Ninja Theory is finally bringing us the sequel to Hellblade: Senua’s Sacrifice. This time we’re not heading back into the underworld to try and save our companion, but straight into hostile lands to avenge our people.

Senua’s Saga Hellblade II is a video-game UFO. While its exceptional graphics have always been in the limelight, we mustn’t forget its story and the overall experience it offers.


Senua’s Saga Hellblade II plunges us into a dark and violent adventure. We accompany our heroine into a hostile world where only certain death seems to lie in wait. A blend of Viking mythology and Celtic culture forms the basis of this original story. The storytelling and direction deliver a cinematic experience that pushes back the limits of what you can experience when you’re facing a screen without a controller in hand.

This world of sadness and destruction is the setting for our adventure, which becomes a little darker and more desperate as we progress.


We take on the role of Senua, an unattached warrior whose sole aim is to avenge her people, whatever the cost. What’s special about our heroine is that she can hear voices. Her psychosis doesn’t stop there, however, as she can also see things that others cannot. Senua is never alone, since her actions (and inactions) are constantly commented on by her own uncontrollable thoughts.

Hellblade II doesn’t take us to hell, even if it strongly resembles it at first glance. After a catastrophic arrival in a hostile environment, the game takes us through torn landscapes where life gradually disappears, swept away by beings who live only to create chaos and desolation.

While Senua’s primary objective is to find and eliminate the people who enslaved her own people, the story changes when she discovers the presence of giants, creatures who are gradually destroying the humans who live in these lands.

One of the strengths of the game is the way the story forces us to confront situations where nothing is black or white, everything is tinged with grey. We meet tortured characters who we’d put to death at the first opportunity, and yet we only need to learn more about them to question everything.

Senua travels through desolate worlds, but it’s also a journey to find herself. We evolve as we go along, questioning what we know. Above all, Senua is fighting against her past.

This is not an exploration game or an RPG where you are the hero. You don’t make choices that influence the course of the story. Ninja Theory is offering us a ‘scripted’ experience, where we are subjected to Senua’s choices. We’ll feel her emotions through the voices in her head, but also through her body language.

It’s hard to ignore the game’s stunning graphics. The world in which we evolve is naked. The elements have taken their toll on this land. Rock gives way to earth, and the sun seems to be non-existent. So we can concentrate on the characters in this fantastic story, and we have to admit that we try to detect all of Senua’s emotions by reading them on her face.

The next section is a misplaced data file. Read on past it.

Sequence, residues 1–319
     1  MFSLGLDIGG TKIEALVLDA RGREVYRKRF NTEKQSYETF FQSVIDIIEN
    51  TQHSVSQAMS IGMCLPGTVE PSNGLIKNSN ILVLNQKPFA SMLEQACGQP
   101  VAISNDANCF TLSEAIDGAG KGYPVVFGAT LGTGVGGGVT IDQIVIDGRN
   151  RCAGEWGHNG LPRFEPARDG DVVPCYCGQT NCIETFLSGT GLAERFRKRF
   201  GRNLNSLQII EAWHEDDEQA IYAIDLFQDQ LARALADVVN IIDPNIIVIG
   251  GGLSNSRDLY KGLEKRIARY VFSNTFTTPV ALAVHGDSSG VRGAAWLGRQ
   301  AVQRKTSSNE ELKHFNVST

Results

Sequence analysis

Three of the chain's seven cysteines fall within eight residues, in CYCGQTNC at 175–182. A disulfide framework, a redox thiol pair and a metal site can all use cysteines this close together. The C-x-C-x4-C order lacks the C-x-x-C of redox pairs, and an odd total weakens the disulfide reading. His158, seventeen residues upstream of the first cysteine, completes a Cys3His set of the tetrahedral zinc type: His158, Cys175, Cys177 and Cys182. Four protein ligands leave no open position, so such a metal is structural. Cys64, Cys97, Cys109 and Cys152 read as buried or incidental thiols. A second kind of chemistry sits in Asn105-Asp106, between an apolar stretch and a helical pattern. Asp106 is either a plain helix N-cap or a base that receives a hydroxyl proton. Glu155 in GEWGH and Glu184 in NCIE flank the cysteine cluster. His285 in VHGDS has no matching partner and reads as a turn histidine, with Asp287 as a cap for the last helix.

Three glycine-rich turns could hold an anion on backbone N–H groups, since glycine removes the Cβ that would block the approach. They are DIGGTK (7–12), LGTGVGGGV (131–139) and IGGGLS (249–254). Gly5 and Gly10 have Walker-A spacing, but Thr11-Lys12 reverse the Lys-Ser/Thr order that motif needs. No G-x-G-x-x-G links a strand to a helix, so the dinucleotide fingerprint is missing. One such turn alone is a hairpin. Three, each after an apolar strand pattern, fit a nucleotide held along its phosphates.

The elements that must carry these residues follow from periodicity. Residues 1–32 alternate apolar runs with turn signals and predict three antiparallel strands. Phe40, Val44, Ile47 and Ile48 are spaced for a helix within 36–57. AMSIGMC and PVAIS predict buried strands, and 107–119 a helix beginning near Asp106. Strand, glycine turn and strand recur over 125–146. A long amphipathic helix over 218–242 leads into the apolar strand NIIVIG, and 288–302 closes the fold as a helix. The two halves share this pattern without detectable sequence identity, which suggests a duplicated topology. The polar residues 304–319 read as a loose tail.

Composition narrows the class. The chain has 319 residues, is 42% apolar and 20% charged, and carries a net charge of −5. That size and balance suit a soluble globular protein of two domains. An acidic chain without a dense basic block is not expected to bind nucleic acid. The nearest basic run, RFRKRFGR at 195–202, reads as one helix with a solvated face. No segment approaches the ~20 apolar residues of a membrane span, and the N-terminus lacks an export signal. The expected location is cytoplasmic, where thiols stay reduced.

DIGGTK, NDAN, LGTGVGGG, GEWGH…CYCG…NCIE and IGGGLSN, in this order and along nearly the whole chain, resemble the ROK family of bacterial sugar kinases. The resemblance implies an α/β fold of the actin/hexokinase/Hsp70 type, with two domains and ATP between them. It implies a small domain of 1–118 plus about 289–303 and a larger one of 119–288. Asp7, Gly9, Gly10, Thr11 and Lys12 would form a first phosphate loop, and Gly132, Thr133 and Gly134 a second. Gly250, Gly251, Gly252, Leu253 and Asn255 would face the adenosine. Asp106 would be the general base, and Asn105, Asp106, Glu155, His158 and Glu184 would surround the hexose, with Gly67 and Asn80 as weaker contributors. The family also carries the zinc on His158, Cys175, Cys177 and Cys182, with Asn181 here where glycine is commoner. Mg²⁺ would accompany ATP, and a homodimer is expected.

Hellblade II is punctuated by gripping combat with a slightly old-school feel. Our character doesn’t unlock any new abilities or weapons. So we’re left with a very simple system where you can either tap or block, not forgetting dodging. What really sets the game apart is the absence of an interface. With no life gauge and no concept of damage, Senua’s Saga is a truly cinematic experience where you never know when the game will take over.

You’ll find yourself frantically pressing a key while you’re in a real-time ‘cinematic’, and the opposite often happens when you can decide to move again just after a dialogue ends.

Our exploration will lead us to discover some very simple puzzles that are there to help us experience the obstacles that Senua encounters during her adventure.


The game invites you to explore a devastated world (in a closed universe, so don’t imagine you can go anywhere you want). It makes you wonder whether this isn’t just another version of the underworld, where Senua is gradually sinking without realising it.

The art direction, graphic style, music and narration all come together perfectly to give us an experience like no other.


It will take 7 hours to complete the game, leaving the ‘dynamic’ difficulty to evolve according to your playing style. Since there’s no in-depth exploration, you can make the most of your time in the game to see every nook and cranny and listen to the stories being told.

The bravest players will be able to replay the chapters they want via the menu, with the option of changing the narrator of the story.


Les points positifs

  • A powerful cinematic experience
  • A simple but clever story

Les points négatifs

Mentions spéciales

En résumé

Ninja Theory nous propose une expérience inédite avec Senua's Saga: Hellblade II. You could say it's a walking simulator, with old-school combat and a few puzzles, and unrivalled console graphics. </br></br>It goes beyond what cinema has to offer, while telling a meaningful story.

Where is the score assigned to the game in this test?
It's simple, there is none. We believe that the experience offered by a video game cannot be reduced to an arbitrary rating as complex as it is. We invite you to read the whole test and the verdict which give a fairly detailed idea of ​​the experience provided by the game.